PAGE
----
Viruses are big news. From pandemics such as HIV, swine flu, and SARS, we are constantly being bombarded with information about new lethal infections. In this Very Short Introduction Dorothy Crawford demonstrates how clever these entities really are. From their discovery and the unravelling of their intricate structures, Crawford demonstrates how these tiny parasites are by far the most abundant life forms on the planet. With up to two billion of them in each litre of sea water, viruses play a vital role in controlling the marine environment, and are essential to the ocean's delicate ecosystem.
In this fully updated edition, Crawford recounts stories of renowned killer viruses such as the recent Ebola and Zika epidemics, as well as Middle East Respiratory Syndrome, and considers the importance of air travel in facilitating the international spread of viruses in the twenty first century. Discussing the impact of global warming, which is increasing the range of vector-transmitted viruses such as dengue, yellow fever, and West Nile virus, she also considers the effect this will have on native populations in subtropical and temperate climates of the Americas, Australasia, and Europe. By examining our lifestyle in the 21st century, Crawford looks to the future to ask whether we can ever live in harmony with viruses, and considers the ways in which we may need to adapt to prevent emerging viruses with devastating consequences.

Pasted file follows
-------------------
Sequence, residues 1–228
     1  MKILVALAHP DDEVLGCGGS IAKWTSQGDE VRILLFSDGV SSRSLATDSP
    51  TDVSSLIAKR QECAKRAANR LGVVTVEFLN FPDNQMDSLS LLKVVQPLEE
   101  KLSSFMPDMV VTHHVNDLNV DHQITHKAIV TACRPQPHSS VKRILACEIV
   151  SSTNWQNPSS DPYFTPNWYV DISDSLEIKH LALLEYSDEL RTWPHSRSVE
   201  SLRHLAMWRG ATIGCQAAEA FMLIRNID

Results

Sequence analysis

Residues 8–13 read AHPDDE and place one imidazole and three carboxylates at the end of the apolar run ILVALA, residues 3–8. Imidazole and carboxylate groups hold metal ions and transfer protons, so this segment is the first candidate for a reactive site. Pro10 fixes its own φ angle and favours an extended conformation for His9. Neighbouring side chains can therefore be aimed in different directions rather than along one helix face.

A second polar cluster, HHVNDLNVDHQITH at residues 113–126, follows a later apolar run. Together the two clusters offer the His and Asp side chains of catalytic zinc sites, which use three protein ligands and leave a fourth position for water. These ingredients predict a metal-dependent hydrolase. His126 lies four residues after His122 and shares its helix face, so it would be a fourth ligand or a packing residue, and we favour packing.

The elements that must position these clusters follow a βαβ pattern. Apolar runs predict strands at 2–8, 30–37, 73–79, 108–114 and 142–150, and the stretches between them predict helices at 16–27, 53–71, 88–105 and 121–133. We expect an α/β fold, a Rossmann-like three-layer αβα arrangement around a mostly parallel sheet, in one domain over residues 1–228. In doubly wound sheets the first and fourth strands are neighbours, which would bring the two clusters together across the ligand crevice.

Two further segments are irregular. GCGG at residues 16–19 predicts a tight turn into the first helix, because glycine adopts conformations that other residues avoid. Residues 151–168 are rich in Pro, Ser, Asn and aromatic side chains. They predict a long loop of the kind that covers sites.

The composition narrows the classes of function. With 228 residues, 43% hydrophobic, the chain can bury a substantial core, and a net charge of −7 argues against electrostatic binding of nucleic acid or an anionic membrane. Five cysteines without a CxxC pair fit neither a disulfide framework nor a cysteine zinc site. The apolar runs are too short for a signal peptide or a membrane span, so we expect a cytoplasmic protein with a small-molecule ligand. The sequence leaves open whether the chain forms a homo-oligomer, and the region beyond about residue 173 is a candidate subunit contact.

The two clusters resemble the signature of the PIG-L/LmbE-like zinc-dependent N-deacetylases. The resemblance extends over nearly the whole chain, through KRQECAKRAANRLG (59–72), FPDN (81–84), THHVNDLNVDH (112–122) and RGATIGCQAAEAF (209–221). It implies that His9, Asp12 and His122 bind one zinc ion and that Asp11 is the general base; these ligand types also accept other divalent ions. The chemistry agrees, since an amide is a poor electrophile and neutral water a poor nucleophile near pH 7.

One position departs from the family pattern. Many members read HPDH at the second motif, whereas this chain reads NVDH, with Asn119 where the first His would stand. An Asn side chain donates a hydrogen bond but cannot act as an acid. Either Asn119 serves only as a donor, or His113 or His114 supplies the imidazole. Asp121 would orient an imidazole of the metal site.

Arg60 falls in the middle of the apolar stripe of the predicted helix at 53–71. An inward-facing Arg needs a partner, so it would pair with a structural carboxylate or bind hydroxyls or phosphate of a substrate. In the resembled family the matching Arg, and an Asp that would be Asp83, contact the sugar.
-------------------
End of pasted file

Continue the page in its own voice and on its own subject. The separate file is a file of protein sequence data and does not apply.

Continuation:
Review of the first edition:
"a diminutive volume that provides a surprisinly complete and beautifully readable overview to this topic – all without resorting to specialist jargon."
– The Guardian
1: What are viruses?
2: Viruses are everywhere
3: Kill or be killed
4: Emerging virus infections 1 - vertebrate-transmitted viruses
5: Emerging Virus Infections 2 - Arthropod-Transmitted Viruses
6: Epidemics and pandemics
7: Persistent viruses
8: Tumour viruses
9: Turning the tables
10: Viruses past, present, and future
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Dorothy H. Crawford was professor of medical microbiology at the University of Edinburgh from 1997-2010 and assistant principal for public understanding of medicine from 2005-2011. She was elected Fellow of the Royal Society of Edinburgh and of the Academy of Medical Sciences in 2001 and received an OBE for services to medicine and higher education in 2005. She is the author of The Invisible Enemy (OUP, 2000); Deadly Companions (OUP, 2007); Virus Hunt (OUP, 2013); and Ebola (OUP, 2016).